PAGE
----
Hunter Offshore Wind Zone – locals worried for bird, fish and whales

The revised footprint for the proposed wind farm in the Hunter zone.

DESPITE assurances from both investors and government, people living along the Hunter coast remain most worried about environmental issues related to wind farms, a new report suggests.

Seabirds preying on bait schools attracted to the structures supporting the turbines being killed or injured and whales getting lost because of navigational interference are among concerns detailed in the report.

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The Australian Trade Fishing Association – while clearly stating it supports the push towards net zero emissions – details potential detrimental impacts on marine life and fishing, shipping, tourism, defence, and aviation industries.

“Issues such as area-exclusion zones, noise generation and electromagnetic impulses that affect migration patterns of fish, mammals and seabirds are not to be taken lightly,” the ATFA report said.

The report, released on June 30, listed wildlife and navigational issues as among potential pitfalls.

“While this is a national issue, the impact in the proposed area for the Hunter-Central Coast offshore wind farm, for example, covers the prime regions for pelagic sports fishing, particularly marlin, tuna, dolphin, fish and sharks,” the report said.

Energy Corporation of NSW (EnergyCo) is responsible for leading the delivery of renewable energy zones.

The corporation’s own literature states it is integral to “the NSW government’s vision to coordinate investment in electricity transmission, generation, storage and firming infrastructure and transform the NSW electricity system into one that is cheap, clean and reliable”.

A spokesperson for Energyco this week told News Of The Area, “NSW will work closely with the commonwealth on the development of the proposed Hunter offshore wind area, which is located in commonwealth waters at a distance of at least 10 kilometres from shore.

“If the development of offshore wind proceeds in the Hunter region, projects will be required to undergo a rigorous environmental impact assessment and approvals process, which will include assessing potential impacts on the marine environment and bird life,” the spokesperson said.

“Extensive community engagement will also be undertaken as part of this process.

“Environmental approvals will be required from both the NSW governent and commonwealth before offshore wind projects are constructed off the coast,” the spokesperson said.

Last week BlueFloat Energy, the developer of the Eastern Rise Offshore Wind Project, welcomed federal Climate Change and Energy Minister Chris Bowen’s declaration of the Hunter region as Australia’s second offshore wind zone.

Smaller than originally proposed, the Hunter zone was declared after two months of public consultation with the local community, industry and sea users.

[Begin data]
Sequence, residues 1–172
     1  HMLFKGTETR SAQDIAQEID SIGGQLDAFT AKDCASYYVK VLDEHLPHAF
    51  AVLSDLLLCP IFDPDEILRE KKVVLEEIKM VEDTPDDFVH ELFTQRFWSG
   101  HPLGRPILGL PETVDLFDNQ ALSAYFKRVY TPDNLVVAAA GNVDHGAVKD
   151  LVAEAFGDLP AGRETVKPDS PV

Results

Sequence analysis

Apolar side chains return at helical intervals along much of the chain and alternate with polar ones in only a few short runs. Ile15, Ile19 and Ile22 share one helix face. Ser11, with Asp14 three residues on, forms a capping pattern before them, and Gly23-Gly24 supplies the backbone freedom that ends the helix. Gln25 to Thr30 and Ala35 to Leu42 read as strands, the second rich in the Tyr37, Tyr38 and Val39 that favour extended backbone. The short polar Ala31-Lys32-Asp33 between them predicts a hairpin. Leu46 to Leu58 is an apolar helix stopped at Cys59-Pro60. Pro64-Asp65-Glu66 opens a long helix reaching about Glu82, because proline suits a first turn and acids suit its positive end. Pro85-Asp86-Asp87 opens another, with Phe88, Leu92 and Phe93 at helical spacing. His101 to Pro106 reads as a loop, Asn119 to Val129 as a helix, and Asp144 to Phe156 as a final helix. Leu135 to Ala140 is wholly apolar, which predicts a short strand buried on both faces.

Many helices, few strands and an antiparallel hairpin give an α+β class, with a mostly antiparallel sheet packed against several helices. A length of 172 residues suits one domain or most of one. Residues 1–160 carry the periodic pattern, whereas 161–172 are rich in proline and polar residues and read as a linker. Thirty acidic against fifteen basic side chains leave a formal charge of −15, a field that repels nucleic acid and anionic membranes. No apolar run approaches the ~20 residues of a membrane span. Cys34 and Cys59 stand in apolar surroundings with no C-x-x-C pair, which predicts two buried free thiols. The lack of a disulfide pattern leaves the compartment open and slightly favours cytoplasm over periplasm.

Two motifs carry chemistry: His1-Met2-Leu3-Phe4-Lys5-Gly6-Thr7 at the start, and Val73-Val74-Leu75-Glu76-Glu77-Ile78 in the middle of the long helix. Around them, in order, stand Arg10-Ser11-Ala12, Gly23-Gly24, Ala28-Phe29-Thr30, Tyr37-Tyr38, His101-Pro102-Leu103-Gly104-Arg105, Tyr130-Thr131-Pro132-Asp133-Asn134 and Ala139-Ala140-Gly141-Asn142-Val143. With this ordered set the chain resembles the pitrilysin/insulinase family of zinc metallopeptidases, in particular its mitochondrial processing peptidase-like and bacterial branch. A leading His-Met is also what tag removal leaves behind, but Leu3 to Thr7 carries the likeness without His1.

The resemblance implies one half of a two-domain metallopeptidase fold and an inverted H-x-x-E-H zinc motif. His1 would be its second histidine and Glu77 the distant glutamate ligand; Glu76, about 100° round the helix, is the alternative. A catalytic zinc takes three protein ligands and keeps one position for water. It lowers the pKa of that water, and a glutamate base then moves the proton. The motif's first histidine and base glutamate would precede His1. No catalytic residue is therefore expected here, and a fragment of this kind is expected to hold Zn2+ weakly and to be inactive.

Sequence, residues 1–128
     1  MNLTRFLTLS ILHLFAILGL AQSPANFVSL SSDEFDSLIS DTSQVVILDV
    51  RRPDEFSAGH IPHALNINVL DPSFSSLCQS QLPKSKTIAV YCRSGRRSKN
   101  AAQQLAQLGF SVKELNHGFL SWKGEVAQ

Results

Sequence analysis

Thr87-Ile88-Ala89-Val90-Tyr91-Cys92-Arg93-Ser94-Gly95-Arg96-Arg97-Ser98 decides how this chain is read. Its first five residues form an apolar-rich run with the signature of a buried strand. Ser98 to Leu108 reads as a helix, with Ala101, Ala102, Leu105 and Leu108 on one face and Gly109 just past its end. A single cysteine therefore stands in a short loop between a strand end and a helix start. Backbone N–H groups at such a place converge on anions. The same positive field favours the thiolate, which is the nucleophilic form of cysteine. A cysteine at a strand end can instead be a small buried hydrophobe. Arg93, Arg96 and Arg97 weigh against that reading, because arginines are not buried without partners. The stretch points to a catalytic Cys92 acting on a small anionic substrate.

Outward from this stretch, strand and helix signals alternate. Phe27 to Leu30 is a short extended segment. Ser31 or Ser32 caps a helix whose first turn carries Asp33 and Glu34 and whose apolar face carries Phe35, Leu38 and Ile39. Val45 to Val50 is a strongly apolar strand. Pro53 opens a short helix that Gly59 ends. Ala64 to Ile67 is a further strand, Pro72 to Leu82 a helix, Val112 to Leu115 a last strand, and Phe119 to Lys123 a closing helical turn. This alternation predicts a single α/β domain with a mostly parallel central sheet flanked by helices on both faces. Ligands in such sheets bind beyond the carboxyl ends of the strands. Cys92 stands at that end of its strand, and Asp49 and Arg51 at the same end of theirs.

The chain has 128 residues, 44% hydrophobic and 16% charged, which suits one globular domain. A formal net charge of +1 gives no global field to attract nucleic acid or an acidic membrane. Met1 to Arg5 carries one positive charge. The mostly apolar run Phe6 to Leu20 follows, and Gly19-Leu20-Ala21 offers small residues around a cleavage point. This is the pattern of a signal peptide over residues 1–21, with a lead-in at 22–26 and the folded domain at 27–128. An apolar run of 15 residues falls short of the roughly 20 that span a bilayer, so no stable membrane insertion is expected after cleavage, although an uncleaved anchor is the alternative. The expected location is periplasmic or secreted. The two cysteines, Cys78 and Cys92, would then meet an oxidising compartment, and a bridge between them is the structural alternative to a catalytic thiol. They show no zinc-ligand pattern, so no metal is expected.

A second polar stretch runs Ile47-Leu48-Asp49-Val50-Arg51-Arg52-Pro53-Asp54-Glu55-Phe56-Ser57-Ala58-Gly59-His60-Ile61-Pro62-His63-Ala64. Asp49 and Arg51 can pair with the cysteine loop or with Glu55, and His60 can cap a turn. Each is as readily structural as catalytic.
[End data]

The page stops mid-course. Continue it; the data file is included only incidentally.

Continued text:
The company’s Eastern Rise Offshore Wind Project is located within the declared zone, between Newcastle and Nelson Bay off the Hunter-Port Stephens coast in NSW.

With as many as 115 floating wind turbines and three offshore substations, the project is proposed for an area 25-45km off the coast.

It is set to generate enough electricity to power 825,000 homes, the equivalent of almost a quarter of all households in NSW.

BlueFloat Energy intends to apply for a ‘feasibility licence’, which will enable further work, including detailed environmental and technical studies, to be undertaken to validate the suitability of the location and inform project design and the environmental impact assessment process.

Nick Sankey, BlueFloat Energy’s Australian country manager, said, “we’re excited about the announcement of Australia’s second offshore wind zone and applaud the government’s feedback-oriented approach.

“We want to create lasting benefits for the Hunter region.

“Our recent public drop-in sessions represent the start of our consultation and there will be plenty of opportunities for feedback during the design and approvals phase.

“This is a fantastic step towards Australia’s clean energy future,” Mr Sankey said.

The company’s environment and planning chief Deb Neumann said consultation was a priority.

“At the public drop-in sessions in the region, we heard that whilst the transition to renewable energy is supported, the community wants a focus on studying the potential impact of the project on the marine environment, particularly whales and migratory birds.

“These studies and related analyses will be undertaken during the environmental assessment phase,” she said.


BlueFloat Energy staff with Climate Change and Energy Minister Chris Bowen as he declares a Hunter wind zone.

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